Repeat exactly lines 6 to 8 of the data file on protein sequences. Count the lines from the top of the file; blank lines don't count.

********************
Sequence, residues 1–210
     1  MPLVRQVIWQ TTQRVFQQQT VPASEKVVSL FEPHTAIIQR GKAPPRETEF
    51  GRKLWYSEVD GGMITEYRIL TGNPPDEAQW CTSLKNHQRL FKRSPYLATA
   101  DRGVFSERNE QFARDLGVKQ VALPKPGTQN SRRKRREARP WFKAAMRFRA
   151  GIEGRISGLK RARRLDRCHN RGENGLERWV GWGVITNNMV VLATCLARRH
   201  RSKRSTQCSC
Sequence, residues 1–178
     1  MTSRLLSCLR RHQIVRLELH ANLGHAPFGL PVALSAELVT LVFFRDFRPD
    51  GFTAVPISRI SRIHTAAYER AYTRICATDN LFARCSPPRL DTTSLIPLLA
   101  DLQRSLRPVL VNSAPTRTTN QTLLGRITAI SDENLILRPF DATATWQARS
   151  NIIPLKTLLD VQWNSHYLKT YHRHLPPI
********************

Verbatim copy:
   201  RSKRSTQCSC
Sequence, residues 1–178
     1  MTSRLLSCLR RHQIVRLELH ANLGHAPFGL PVALSAELVT LVFFRDFRPD